One of the methodologies encourages teachers to move away from the linear style of teaching, which results in a more one-to-one scenario, where students work alone on projects after school. “Now we have the students sit in groups and discuss topics, and we assist them. They are learning to collaborate and work in teams, as you would when you’re employed after school. This is important because you don’t work on your own after school, so you need to learn to work in teams.”

Three big challenges facing educators in Nigeria
There are many challenges faced by educators across the African continent; many are the same, but others are specific to individual countries. When asked about what he felt were the three major challenges facing teachers in Nigeria, Ayodele highlighted several that need to be addressed.

“One of the reasons we have challenges in Nigeria is that we are not used to applying critical thinking to find solutions when particular problems arise. In addition, the internet connection is a major issue as it is constantly dropping. It has been very challenging for online teaching.” To prove his point, he explained all the things he had to go through to ensure we had a connection stable enough for the MS Teams video interview.

“Another big challenge in Nigeria is that the curriculum and syllabus used to teach trainee teachers in schools, colleges, and universities are out of date. It is challenging to teach in the classrooms because the youth of today are a lot more advanced, so we really need 21st Century teaching methodologies. Unfortunately, most schools don’t have that. That’s another thing that I learned from HP: I need to create my own additions to the syllabus, such as my online physics class. I can decide to have the class online today, and tomorrow to have it in the classroom. But even when we are in class, we can incorporate lessons from the internet. For me that’s a big thing, and most teachers can’t do that. Changing mindsets around new methodologies takes time though, you can’t force it, or it won’t work.”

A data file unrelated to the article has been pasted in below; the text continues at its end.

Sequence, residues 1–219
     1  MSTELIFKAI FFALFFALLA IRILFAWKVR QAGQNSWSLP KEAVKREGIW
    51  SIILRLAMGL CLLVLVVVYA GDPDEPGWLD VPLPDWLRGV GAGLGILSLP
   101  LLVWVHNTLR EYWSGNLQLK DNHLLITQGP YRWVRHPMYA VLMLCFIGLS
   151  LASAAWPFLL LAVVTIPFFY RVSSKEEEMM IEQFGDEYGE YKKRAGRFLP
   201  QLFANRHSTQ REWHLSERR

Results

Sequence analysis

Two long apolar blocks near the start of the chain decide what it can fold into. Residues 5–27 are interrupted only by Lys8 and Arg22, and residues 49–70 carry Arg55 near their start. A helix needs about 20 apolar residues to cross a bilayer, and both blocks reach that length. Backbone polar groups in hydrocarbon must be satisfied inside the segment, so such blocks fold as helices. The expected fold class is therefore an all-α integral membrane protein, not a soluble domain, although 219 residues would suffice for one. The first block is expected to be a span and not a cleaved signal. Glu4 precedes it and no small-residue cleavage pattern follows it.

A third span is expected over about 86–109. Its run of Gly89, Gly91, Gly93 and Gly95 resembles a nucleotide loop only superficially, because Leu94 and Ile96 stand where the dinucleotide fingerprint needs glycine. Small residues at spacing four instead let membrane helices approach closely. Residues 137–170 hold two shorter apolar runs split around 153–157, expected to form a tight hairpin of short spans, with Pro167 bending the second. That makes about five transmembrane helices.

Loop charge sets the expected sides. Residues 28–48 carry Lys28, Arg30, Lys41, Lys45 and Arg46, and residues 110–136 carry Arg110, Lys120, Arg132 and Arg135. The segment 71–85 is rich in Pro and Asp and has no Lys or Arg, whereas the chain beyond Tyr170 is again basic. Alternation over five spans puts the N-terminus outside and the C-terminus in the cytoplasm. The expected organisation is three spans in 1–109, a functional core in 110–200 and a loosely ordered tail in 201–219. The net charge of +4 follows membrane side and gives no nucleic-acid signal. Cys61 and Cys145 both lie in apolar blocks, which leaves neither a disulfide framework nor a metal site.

Ayodele has worn the biggest smile throughout the interview, and you can see how passionate he is about teaching, about doing things differently, and the love he has for his students. He even asked permission to pause the interview to answer a call from a parent.

Approaching teaching from a different perspective
Ayodele says the HP IDEA course has helped him to see teaching with a completely different outlook, and it has inspired him to continue to learn more and implement what he has learned. It has had an impact not only on his teaching style, but on the more administrative role he holds at the school, “As the Training and Staff Development Coordinator at our school, being on this course has helped me to identify areas of further training for our teachers. I have a better understanding of the methodologies that we want our teachers to implement in the classroom.”

It has also made him think more about his future. “I had initially wanted to do something here in Nigeria, do a further diploma, but now I’ve decided I want to go overseas, to study in the United Kingdom, or America. I feel if I do it here in Nigeria, I’d almost be going back, whereas I want to move forward. I want to learn the latest methodologies and then bring it back here. It will allow me to share this knowledge and be a mentor to others, particularly for new teachers just starting out.”

Empowering educators across the continent
While it isn’t easy to change perceptions, or syllabi overnight, there are ways to support our teachers in the classroom. HP IDEA is a part of HP’s commitment to enable better learning outcomes for 100 million people globally by 2025. The program has been launched in 15 countries across Africa, Middle East, and Central Asia: Nigeria, Rwanda, South Africa, Morocco, Gambia, Ghana, Kenya, Uganda, Tanzania, Egypt, UAE, Oman, KSA, Qatar, and Kazakhstan.
For more information on the HP Innovation and Digital Education Academy, please click here.